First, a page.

Remember my friend James from my post on skin detection?
Well, we grabbed a cup of coffee and some groceries yesterday at the local Whole Foods, all while discussing the latest and greatest CVPR papers.
After I checked-out, I whipped out my iPhone and took a picture of the receipt — it’s just something that I like to do so I can easily keep track of where my money is going each month (like spending $20 on bacon, for instance).
Anyway, James asked why I wasn’t using a document scanning app like Genius Scan or TurboScan to scan the receipt into my phone.
I honestly hadn’t thought of it.
But then James went too far…
He bet me $100 that I couldn’t build a mobile document scanner app of my own.
Well, the joke is on you, James.
I’ll be collecting my $100 the next time I see you.
Because honestly, document scanning apps are ridiculously easy to build.
I bet that after reading this blog post that you could create an app to compete with the big-boy mobile document scanners as well.
You see, scanning a document using your smartphone can be broken down into three simple steps:
- Step 1: Detect edges.
- Step 2: Use the edges in the image to find the contour (outline) representing the piece of paper being scanned.
- Step 3: Apply a perspective transform to obtain the top-down view of the document.
Really. That’s it. Only three steps and you’re on your way to submitting your own document scanning app to the App Store.
Read on. And unlock the secrets to build a mobile scanner app of your own.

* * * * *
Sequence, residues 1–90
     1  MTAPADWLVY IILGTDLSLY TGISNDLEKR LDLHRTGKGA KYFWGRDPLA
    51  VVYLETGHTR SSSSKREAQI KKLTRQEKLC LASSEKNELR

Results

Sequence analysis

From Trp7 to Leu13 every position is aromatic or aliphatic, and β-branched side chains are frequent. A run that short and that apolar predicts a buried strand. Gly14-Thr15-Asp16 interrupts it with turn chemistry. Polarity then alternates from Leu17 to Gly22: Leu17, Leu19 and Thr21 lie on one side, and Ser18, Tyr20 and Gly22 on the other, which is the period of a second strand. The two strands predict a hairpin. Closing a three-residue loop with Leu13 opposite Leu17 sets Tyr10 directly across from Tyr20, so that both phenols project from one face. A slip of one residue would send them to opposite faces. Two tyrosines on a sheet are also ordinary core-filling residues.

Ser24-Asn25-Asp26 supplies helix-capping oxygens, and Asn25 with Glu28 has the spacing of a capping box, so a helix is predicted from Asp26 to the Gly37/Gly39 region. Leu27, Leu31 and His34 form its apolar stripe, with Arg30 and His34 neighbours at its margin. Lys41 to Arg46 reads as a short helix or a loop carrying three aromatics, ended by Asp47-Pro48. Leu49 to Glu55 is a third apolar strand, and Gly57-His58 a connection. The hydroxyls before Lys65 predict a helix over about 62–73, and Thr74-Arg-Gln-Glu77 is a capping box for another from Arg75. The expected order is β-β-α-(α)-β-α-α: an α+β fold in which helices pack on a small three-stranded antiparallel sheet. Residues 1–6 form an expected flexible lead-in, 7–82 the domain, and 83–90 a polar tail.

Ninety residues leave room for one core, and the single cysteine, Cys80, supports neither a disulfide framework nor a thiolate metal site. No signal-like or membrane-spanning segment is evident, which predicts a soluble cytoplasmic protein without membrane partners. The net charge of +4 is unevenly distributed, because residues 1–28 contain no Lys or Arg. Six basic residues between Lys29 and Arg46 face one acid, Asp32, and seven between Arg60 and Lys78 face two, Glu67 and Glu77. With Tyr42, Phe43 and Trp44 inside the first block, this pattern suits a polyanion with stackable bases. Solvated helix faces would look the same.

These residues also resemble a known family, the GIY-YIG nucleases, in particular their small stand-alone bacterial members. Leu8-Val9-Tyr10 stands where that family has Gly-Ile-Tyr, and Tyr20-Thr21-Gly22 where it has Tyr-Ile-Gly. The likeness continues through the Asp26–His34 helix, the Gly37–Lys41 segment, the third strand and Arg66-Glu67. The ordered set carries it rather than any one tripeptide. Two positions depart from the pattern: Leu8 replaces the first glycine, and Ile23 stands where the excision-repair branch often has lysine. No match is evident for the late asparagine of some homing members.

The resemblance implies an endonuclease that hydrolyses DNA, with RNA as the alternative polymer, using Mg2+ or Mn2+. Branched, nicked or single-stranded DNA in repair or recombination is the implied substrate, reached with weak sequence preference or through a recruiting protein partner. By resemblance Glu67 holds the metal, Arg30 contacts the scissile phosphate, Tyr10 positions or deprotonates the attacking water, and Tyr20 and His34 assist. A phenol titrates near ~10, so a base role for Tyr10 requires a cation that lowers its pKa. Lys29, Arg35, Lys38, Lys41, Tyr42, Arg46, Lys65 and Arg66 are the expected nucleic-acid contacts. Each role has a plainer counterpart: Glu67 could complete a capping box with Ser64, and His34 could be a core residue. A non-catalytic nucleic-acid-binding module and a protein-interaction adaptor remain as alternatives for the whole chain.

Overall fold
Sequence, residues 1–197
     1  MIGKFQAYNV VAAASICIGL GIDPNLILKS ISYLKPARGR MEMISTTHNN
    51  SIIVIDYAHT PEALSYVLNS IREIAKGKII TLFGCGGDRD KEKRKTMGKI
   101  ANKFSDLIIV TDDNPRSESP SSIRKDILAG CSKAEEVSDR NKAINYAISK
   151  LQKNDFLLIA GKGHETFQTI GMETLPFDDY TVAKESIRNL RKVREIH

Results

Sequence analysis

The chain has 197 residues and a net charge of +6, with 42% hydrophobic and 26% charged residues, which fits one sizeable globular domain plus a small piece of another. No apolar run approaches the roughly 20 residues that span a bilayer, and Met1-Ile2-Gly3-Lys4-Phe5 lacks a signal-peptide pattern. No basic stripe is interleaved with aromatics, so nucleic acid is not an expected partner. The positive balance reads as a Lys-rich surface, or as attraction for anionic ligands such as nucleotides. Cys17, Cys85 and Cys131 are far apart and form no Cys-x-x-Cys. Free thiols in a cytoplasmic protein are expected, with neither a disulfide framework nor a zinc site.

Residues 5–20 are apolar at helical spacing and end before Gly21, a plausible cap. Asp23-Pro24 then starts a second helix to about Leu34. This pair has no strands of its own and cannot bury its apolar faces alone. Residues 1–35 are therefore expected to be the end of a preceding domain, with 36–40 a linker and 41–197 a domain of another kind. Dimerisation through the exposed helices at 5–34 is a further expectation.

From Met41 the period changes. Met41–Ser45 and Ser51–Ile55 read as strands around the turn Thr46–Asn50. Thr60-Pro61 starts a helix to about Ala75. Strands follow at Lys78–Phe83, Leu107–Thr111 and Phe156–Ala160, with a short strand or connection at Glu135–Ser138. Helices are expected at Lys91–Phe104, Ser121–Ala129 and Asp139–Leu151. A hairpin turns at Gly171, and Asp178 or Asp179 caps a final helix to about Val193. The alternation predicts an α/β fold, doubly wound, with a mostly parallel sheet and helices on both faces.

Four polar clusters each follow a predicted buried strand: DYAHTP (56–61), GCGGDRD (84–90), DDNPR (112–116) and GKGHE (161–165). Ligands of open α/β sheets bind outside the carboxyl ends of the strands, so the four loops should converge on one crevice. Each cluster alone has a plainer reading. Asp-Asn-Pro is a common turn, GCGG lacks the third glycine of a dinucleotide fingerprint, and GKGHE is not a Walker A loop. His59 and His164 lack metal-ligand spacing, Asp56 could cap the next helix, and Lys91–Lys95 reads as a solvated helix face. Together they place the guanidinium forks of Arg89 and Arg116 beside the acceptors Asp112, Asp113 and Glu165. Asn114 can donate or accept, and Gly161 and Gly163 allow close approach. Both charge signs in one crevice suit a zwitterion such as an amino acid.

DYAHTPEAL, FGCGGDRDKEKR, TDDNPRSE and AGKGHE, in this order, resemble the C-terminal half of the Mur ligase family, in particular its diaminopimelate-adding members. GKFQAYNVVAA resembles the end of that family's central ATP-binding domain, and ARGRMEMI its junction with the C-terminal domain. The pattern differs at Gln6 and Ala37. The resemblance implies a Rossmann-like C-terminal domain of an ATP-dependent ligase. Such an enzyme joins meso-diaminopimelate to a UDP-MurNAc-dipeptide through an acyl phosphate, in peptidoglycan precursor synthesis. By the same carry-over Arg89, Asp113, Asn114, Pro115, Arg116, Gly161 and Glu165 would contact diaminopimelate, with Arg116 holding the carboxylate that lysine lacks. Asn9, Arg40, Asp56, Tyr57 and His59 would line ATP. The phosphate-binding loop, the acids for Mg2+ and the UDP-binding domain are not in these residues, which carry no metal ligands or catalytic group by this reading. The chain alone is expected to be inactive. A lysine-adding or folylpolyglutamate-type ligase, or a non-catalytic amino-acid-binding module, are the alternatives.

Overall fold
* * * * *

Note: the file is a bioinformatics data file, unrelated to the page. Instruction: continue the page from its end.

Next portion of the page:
Looking for the source code to this post?
Jump right to the downloads section.
OpenCV and Python versions:
This example will run on Python 2.7/3+ and OpenCV 2.4/3+
How To Build a Kick-Ass Mobile Document Scanner in Just 5 Minutes
Last week I gave you a special treat — my very own transform.py module that I use in all my computer vision and image processing projects. You can read more about this module here.
Whenever you need to perform a 4 point perspective transform, you should be using this module.
And you guessed it, we’ll be using it to build our very own document scanner.
So let’s get down to business.
Open up your favorite Python IDE, (I like Sublime Text 2), create a new file, name it scan.py , and let’s get started.
# import the necessary packages
from pyimagesearch.transform import four_point_transform
from skimage.filters import threshold_local
import numpy as np
# construct the argument parser and parse the arguments
ap = argparse.ArgumentParser()
ap.add_argument("-i", "--image", required = True,
help = "Path to the image to be scanned")
args = vars(ap.parse_args())
Lines 2-7 handle importing the necessary Python packages that we’ll need.
We’ll start by importing our four_point_transform function which I discussed last week.
We’ll also be using the imutils module, which contains convenience functions for resizing, rotating, and cropping images. You can read more about imutils in my this post. To install imutils , simply:
$ pip install --upgrade imutils
Next up, let’s import the threshold_local function from scikit-image. This function will help us obtain the “black and white” feel to our scanned image.
Note (15 January 2018_: The threshold_adaptive function has been deprecated. This post has been updated to make use of threshold_local .
Lastly, we’ll use NumPy for numerical processing, argparse for parsing command line arguments, and cv2 for our OpenCV bindings.
Lines 10-13 handle parsing our command line arguments. We’ll need only a single switch image, --image , which is the path to the image that contains the document we want to scan.
Now that we have the path to our image, we can move on to Step 1: Edge Detection.
Step 1: Edge Detection
The first step to building our document scanner app using OpenCV is to perform edge detection. Let’s take a look:
# load the image and compute the ratio of the old height
# to the new height, clone it, and resize it
image = cv2.imread(args["image"])
ratio = image.shape / 500.0
orig = image.copy()
image = imutils.resize(image, height = 500)
# convert the image to grayscale, blur it, and find edges
# in the image